We learned a bit about the realities of a plant-hunting expedition: getting licences, the perils of poisonous seeds, the methodical approach needed. A good day ends not in a big supper but in processing and recording. Plant material is stored in Ziploc bags; dried seeds in paper. Records are made of the altitude, any companion plants; all necessary details are noted down, and then each collected item is given an accession number. Of course, it’s essential to collect ripe seed, and we learned that a vital tool is a telescopic pole with a sharp hook on the end. And that, even so, some plants can be quite uncooperative.

It was very impressive – and so were the plants we were shown. In Colombia even the street planting, apparently, is spectacular. ‘It’s so easy to grow things there’, said Bleddyn. Lucky them!

Back for 2016 – with plants, wildflower seeds and solitary bees

It’s the start of our gardening – and meetings – year. The AGM is over, the new schedule is up and looks fab, but unfortunately our May speaker developed food poisoning the day before and couldn’t make the meeting. So, at very short notice, our President Guy Lloyd stepped in. And we had a fabulous evening.

It started with one of our members introducing Kew’s ‘Grow Wild / Tyfu’n Wyllt’ boxes, part of their ‘flowers to the people’ campaign, which encourages people to plant wild flower patches (seeds included), and create homes for solitary bees (the kit is in the box too):

solitary bee house

Several people took the boxes, and it will be interesting to see what comes up from the free seeds, and whether any solitary bees take up the offer of accommodation.

Then Guy took us through some of his favourite plants for this time of year, and also gave us some great tips. They included tips about vegetables (still time, just, to plant squashes and runner beans), recommendations of some more ordinary plants (narcissus, but a good late variety in a lovely pale lemon, Pipit), and of some rarer ones like Drimys winterii:

Drimys winterii(image courtesy of the RHS)

Another shrub – or small tree – which was new to many of us was Exochorda macracantha ‘The Bride’, which is certainly spectacular.

Exochorda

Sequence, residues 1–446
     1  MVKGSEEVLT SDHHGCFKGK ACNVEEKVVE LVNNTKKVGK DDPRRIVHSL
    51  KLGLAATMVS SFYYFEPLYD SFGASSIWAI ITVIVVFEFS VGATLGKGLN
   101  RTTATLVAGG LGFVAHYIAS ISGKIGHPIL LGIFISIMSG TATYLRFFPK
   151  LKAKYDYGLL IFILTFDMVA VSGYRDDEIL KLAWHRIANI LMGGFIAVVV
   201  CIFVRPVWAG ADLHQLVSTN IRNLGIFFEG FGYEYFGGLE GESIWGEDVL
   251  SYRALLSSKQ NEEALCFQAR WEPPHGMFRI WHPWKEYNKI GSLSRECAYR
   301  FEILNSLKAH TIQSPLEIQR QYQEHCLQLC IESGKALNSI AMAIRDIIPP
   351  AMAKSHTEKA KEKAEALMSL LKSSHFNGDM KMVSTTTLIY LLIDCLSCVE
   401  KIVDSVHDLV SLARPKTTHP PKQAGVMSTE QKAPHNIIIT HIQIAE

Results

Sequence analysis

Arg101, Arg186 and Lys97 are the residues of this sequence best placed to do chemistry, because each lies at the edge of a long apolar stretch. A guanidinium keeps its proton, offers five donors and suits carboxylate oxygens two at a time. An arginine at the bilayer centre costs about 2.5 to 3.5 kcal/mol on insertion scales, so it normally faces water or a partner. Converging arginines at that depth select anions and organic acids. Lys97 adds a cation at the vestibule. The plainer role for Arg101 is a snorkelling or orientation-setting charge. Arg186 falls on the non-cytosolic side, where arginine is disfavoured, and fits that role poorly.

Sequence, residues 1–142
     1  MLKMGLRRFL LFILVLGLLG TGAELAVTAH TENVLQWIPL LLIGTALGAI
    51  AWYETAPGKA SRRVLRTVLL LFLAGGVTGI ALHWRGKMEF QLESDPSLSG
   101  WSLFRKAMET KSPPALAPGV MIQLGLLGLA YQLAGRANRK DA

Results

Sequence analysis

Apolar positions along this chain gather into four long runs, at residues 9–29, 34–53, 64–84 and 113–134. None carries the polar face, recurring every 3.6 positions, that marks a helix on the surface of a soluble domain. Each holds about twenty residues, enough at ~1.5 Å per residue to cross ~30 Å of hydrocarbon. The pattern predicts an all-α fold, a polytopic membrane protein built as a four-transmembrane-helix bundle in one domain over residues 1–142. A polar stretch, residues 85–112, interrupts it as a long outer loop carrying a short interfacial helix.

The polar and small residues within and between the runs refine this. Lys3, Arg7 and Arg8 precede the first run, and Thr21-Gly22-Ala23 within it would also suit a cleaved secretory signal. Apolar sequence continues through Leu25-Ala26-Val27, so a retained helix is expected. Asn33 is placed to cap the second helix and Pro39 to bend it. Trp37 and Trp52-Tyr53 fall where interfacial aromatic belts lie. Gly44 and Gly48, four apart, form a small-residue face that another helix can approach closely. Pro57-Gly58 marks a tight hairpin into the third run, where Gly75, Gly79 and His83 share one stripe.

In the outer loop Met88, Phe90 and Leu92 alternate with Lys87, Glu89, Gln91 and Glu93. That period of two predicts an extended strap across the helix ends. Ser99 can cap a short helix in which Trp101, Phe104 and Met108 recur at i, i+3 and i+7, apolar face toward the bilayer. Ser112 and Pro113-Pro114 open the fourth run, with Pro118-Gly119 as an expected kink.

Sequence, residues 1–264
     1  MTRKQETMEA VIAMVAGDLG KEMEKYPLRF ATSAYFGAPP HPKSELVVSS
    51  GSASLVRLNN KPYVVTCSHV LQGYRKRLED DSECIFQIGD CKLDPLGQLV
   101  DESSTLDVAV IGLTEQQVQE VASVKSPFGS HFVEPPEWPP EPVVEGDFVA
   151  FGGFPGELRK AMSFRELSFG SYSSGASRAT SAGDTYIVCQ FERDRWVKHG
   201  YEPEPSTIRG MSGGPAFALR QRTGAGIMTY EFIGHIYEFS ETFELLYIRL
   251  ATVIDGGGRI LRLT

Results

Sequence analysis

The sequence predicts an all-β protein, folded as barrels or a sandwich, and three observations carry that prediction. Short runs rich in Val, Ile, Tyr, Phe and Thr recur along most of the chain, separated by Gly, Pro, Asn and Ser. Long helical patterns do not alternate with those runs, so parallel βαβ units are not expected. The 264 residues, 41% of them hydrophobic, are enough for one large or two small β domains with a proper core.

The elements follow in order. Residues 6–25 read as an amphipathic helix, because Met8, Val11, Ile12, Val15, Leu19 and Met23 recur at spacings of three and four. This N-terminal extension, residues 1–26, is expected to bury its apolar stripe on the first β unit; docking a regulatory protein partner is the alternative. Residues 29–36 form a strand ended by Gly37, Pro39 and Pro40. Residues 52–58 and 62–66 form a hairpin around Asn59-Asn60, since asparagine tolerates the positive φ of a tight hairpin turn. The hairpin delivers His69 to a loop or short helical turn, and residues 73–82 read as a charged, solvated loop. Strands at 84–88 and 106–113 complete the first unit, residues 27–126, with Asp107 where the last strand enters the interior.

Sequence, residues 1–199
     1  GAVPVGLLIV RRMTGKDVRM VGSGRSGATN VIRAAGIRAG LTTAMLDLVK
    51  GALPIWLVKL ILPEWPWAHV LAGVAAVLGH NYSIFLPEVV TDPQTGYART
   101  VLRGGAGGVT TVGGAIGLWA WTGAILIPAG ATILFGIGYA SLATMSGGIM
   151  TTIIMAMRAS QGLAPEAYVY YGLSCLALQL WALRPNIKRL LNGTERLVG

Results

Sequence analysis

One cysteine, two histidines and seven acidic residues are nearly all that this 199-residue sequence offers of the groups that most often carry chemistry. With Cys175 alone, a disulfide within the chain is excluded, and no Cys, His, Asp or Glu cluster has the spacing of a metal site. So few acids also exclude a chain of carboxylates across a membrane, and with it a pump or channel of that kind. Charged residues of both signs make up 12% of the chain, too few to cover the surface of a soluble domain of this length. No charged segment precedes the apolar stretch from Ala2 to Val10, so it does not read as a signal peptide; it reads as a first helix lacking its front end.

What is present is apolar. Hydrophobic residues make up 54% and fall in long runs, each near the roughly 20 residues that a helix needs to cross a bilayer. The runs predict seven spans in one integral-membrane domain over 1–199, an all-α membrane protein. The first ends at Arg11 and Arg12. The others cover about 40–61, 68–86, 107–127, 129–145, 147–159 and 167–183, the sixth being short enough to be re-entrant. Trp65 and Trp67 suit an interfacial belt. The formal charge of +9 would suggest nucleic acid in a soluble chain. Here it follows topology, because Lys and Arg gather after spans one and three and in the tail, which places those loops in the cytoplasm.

(image courtesy of Plant World Seeds)

This shrub has a rather loose habit and takes its time to get going; though it can get floppy, it can also be cut back for better shape over the winter (though, like many shrubs, that might involve sacrificing the flowers for the following year). And then there was a recommendation for something rather smaller – Brunnera macrophylla, but not ‘Jack Frost’ which is commonly available. Instead, Guy went for ‘Looking Glass’:

brunnera

Clematis montana can be somewhat rampant round here, and Guy was able to recommend Freda as a variety which was controllable, and had good darker flowers; another member suggested Warwickshire Rose.

Some specimens were passed round the room, and one which caused quite a stir was Euphorbia mellifera, the honey spurge.

honey spurge

Guy said it that this was a very good year for this markedly honey-scented shrub, and indeed it is. This photograph and the one below come from Plas Cadnant, the location for our club’s outing next month. Hopefully the honey spurges will still be in flower, because they are fantastic.

honey spurge again

We were all making notes, and several of us will be trying to track down unusual plants (and sneaking the last squashes into a seed box). What a lovely evening, even if it wasn’t quite as predicted. We look forward to welcome the speaker who should have been with us, Paul O’Byrne from Plas Newydd, next year. And we wish him a speedy recovery!

(Incidentally, those members coming to Plas Cadnant should note that bringing walking boots / sensible non-slippy footwear is a good idea if you want to explore the wooded areas of the garden. It’s possible without, but better with…)